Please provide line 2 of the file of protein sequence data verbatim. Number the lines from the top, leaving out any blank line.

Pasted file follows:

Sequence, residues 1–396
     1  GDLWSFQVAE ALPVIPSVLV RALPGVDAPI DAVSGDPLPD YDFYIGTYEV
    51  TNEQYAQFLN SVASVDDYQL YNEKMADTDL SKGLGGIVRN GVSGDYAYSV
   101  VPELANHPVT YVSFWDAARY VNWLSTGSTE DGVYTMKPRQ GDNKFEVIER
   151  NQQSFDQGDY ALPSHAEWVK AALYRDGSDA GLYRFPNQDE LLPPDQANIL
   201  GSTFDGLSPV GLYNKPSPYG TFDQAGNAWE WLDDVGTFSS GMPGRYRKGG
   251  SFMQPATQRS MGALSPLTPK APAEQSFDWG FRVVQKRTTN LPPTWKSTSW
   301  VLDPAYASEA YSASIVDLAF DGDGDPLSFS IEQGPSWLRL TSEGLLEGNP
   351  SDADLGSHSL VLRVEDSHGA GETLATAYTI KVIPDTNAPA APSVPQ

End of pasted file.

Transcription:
     1  GDLWSFQVAE ALPVIPSVLV RALPGVDAPI DAVSGDPLPD YDFYIGTYEV